• Diarrhoea – you should drink plenty of fluids. If your diarrhoea is severe or continues you could become dehydrated so let your doctor or nurse know
  • Your nails may darken or become ridged
  • Your skin may darken
  • Mouth ulcers
  • Inflammation of the bladder (cystitis) can cause pain and occasionally blood when passing urine. If you see blood in your urine contact your doctor or nurse straight away. You should drink 8 to 12 cups of fluid a day. If you are having cyclophosphamide through a drip you will have extra fluids through the drip too
 

Rare side effects

Fewer than 1 in 100 people have these.

  • An increased risk of getting a second cancer some years after cyclophosphamide treatment
  • Damage to heart muscle – this is usually temporary and only occurs with high dose treatment. But for a small number of people it may be permanent. You will have tests to check your heart before and after your treatment
  • Changes in lung tissue may lead to a cough or breathlessness
  • Fluid build up, leading to swollen hands or ankles
 

Important points to remember

The side effects above may be mild or more severe. A side effect may get better or worse through your course of treatment, or more side effects may develop as the course goes on. This depends on

  • How many times you've had the drug before
  • Your general health
  • The amount of the drug you have (the dose)
  • Other drugs you are having

Coping with side effects

Talk to your doctor, pharmacist or nurse about all your side effects so they can help you manage them. They can give you advice or reassure you. Your nurse will give you a contact number to ring if you have any questions or problems. If in doubt, call them.

Other medicines

Tell your doctor about any other medicines you are taking, including vitamins, herbal supplements and over the counter remedies. Some drugs can react together.

Pregnancy and contraception

This drug may harm a baby developing in the womb. It is important not to become pregnant or father a child while you are having treatment with this drug and for a few months afterwards. Talk to your doctor or nurse about effective contraception before starting treatment.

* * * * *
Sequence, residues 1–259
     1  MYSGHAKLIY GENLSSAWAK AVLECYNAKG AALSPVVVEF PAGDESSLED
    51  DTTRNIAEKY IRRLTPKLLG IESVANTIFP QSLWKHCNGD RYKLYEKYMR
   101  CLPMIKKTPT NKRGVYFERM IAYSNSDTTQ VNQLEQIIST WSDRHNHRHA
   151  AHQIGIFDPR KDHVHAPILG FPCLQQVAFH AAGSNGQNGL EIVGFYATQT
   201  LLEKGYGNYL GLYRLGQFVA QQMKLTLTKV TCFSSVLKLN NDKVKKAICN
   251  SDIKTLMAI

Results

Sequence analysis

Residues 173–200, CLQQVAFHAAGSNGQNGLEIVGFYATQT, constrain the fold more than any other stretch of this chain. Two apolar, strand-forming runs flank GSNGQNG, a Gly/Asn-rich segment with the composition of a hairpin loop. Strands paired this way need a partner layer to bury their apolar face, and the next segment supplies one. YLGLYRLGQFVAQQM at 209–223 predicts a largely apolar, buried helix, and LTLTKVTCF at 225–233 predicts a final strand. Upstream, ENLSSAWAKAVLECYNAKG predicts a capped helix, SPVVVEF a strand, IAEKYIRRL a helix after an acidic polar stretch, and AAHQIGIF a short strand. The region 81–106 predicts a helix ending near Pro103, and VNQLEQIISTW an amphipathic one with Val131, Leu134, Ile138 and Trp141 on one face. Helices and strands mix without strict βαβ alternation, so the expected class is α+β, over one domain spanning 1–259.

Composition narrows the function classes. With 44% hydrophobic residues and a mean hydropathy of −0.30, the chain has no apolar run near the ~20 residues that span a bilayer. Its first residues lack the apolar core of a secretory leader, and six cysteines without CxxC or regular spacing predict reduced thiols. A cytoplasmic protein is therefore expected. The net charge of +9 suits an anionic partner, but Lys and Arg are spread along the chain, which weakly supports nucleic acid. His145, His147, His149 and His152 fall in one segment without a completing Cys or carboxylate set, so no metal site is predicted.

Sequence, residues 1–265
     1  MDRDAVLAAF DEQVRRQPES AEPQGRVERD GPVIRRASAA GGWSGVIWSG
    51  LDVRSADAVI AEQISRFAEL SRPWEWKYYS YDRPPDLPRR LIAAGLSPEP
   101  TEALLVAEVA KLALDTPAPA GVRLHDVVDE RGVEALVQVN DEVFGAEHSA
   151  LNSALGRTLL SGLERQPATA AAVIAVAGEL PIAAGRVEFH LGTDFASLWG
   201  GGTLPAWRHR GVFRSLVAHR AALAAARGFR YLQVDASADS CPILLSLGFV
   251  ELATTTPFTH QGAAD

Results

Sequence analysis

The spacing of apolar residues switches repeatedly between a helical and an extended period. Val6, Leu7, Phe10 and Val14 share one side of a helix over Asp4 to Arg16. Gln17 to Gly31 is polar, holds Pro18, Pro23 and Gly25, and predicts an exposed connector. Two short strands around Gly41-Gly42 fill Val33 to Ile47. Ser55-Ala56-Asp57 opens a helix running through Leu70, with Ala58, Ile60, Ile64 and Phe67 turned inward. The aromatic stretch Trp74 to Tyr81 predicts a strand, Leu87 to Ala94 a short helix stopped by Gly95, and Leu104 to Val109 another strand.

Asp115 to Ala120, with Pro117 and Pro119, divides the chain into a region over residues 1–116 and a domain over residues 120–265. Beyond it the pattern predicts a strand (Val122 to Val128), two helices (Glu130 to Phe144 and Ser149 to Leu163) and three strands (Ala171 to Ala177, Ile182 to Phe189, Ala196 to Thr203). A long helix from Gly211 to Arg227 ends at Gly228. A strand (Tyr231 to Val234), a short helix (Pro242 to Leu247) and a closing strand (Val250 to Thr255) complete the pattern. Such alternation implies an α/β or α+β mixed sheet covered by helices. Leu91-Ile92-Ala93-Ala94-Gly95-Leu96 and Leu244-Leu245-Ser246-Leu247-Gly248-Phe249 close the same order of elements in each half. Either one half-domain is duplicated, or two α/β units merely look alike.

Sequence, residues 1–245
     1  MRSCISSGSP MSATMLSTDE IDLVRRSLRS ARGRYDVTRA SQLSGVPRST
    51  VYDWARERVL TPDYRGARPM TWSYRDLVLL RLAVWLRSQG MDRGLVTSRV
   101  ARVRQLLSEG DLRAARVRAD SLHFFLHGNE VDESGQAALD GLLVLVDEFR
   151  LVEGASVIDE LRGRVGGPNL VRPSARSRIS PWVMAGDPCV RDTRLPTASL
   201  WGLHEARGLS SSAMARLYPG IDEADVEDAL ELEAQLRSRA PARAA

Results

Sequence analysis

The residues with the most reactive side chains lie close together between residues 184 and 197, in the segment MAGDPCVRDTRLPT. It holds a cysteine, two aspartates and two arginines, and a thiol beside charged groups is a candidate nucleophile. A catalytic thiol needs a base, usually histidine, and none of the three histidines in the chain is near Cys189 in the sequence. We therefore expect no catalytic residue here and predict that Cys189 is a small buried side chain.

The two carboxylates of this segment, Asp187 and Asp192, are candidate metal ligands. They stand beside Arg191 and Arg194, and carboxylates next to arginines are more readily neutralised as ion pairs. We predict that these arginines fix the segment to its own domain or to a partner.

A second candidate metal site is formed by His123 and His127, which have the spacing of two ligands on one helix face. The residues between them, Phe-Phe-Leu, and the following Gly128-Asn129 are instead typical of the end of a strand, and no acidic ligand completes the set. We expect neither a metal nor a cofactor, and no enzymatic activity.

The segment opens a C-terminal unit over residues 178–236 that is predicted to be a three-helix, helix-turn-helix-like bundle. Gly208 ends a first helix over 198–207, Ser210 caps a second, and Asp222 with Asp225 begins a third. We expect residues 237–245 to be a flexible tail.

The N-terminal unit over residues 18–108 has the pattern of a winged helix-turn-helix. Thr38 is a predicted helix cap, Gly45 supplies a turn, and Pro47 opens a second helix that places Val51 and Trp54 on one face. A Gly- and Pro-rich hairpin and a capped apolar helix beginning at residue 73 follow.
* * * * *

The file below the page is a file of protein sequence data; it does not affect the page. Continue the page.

Breastfeeding

Do not breastfeed during this treatment because the drug may come through in the breast milk.

 

Immunisations and chemotherapy

You should not have immunisations with live vaccines while you are having chemotherapy or for at least 6 months afterwards. In the UK, these include rubella, mumps, measles (usually given together as MMR), BCG, yellow fever and Zostavax (shingles vaccine).

You can have other vaccines, but they may not give you as much protection as usual until your immune system has fully recovered from your chemotherapy. It is safe to have the flu vaccine.

It is safe for you to be in contact with other people who've had live vaccines as injections. There can be problems with vaccines you take by mouth (oral vaccines), but not many people in the UK have these now. So there is usually no problem in being with any baby or child who has recently had any vaccination in the UK. You might need to make sure that you aren't in contact with anyone who has had oral polio, cholera or typhoid vaccination recently, particularly if you live abroad.

 

More information about cyclophosphamide

This page does not list all the very rare side effects of this treatment that are very unlikely to affect you. For further information look at the Electronic Medicines Compendium website at www.medicines.org.uk.

If you have a side effect not mentioned here that you think may be due to this treatment you can report it to the Medicines Health and Regulatory Authority (MHRA) at www.mhra.gov.uk.

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Updated: 25 July 2014